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NVC Resources on Responsibility

NVC Library search results for: NVC Resources on Responsibility

Eric explains how we can often avoid regret by getting empathy before making important decisions.

When asking for support from another, you are most likely to enjoy receiving that support when the person giving support is giving from the heart—from a place of joy or delight. Inviting them to say "no" is a way of encouraging an authentic response, a response you can trust more fully.

Eric Bowers explains how needs and strategies correlate to different brain hemispheres, and how relaxing into our needs opens us to greater possibilities.

In our fast-paced, busy lives it is tempting to practice NVC mostly with the left hemisphere of the brain, thinking through the steps quickly without slowing down to connect more deeply with feelings and needs. Don't miss an opportunity to integrate the hemispheres of the brain and the valuable information from the neural networks in the heart and gut.

When we take a leap in life and put our hearts out into the world in new or bigger ways—sharing a song, dance, or poem, writing a book, competing at a sporting event, giving a speech, and so on—there is greater potential for aliveness but also for shame and pain

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Kathleen Macferran and Mary Mackenzie

Video

1 hour, 8 minutes

Learn about the three stages of transition, and how staying connected to needs can help you remain oriented and grounded even through the most challenging transitions.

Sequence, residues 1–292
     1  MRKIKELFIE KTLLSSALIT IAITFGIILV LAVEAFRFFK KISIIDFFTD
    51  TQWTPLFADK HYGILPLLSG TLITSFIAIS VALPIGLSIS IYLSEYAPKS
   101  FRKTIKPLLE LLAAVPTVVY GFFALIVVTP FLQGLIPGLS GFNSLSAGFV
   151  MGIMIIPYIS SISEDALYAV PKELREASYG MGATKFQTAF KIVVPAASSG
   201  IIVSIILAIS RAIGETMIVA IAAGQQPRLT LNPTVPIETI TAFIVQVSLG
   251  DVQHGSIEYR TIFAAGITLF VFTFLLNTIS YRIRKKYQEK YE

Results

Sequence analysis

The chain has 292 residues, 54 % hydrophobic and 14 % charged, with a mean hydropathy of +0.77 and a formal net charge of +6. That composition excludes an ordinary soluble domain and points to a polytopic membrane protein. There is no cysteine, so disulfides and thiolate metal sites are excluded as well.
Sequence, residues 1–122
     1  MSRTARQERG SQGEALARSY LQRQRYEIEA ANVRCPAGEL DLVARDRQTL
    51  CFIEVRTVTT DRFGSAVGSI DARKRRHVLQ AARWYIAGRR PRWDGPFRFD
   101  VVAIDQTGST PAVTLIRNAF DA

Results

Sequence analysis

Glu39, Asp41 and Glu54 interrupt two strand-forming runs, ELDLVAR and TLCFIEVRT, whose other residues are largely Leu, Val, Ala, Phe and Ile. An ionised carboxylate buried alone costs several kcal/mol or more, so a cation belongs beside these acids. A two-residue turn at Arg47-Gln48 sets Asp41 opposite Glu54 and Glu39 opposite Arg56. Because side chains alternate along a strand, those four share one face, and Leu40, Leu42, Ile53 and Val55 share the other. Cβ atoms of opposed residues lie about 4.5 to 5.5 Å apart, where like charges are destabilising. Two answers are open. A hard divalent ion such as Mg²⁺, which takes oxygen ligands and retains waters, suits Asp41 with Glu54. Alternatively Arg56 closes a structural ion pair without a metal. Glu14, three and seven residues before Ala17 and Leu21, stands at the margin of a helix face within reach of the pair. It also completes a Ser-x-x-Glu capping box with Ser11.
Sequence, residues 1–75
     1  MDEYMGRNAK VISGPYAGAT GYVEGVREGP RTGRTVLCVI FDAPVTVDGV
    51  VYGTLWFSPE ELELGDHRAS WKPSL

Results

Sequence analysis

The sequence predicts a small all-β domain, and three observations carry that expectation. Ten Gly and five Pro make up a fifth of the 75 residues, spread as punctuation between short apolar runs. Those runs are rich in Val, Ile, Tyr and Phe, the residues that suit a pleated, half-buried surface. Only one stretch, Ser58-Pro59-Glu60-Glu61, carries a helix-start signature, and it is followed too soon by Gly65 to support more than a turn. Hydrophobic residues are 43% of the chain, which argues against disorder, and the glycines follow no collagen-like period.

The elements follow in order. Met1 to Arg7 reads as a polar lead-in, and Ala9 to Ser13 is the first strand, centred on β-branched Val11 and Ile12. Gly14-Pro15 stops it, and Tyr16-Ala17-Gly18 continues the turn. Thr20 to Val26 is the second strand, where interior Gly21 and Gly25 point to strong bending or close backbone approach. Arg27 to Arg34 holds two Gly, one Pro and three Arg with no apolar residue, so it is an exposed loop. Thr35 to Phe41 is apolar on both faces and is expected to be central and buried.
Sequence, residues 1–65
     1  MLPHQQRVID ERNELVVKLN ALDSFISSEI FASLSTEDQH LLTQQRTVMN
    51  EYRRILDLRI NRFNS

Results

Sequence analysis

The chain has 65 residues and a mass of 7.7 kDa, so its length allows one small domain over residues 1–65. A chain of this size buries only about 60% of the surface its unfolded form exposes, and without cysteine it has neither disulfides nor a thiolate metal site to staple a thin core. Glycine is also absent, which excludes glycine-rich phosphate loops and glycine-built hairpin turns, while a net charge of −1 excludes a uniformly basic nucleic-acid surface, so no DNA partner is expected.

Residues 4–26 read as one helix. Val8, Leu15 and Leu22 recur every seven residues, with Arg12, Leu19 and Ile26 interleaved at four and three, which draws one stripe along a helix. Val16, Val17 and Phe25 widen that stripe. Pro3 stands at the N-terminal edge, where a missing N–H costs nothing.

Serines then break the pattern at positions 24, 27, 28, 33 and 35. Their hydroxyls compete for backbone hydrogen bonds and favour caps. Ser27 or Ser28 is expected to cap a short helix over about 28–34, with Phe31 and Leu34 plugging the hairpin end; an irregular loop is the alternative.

Join CNVC Certified Trainer Eric Bowers in journeying through the world of Interpersonal Neurobiology (IPNB) as he expands on the theories and tools from his book Meet Me In Hard-to-Love Places: The Heart and Science of Relationship Success. You'll discover why IPNB and NVC complement each other so well, especially in the powerful practice of Somatic-Based Resonant Empathy.

Find renewed aliveness and connection in your daily life through NVC and Buddhist Mindfulness practices. NVC can be lived as a Mindfulness Practice and consciousness that helps us be more present, open and loving to the flow of life within ourselves and in relation to others. Buddhist principles and practices can add depth and insight to NVC practice and consciousness.

Listen to this introductory 4-session Mediate Your Life telecourse recording to change your response to conflict and change your life.

One way to understand trauma is it means we got a blow greater than our nervous system can tolerate – then we move into hyperarousal, and then hypoarousal or dissociation. This cycle can continue long after. Here, we're not able to fully process emotional cues, information, our body, and others. It's important we consider re-writing the cultural paradigm of separation so that our trauma doesn't...

The existing unequal risks and impacts people of certain race, class and identities face in society is magnified in these strenuous times -- especially with things such as illness, financial well being, discrimination, attacks, and death. As responsive NVC practitioners we can stand in solidarity with those who are differentially impacted. Read on for this, and additional ways to spot common...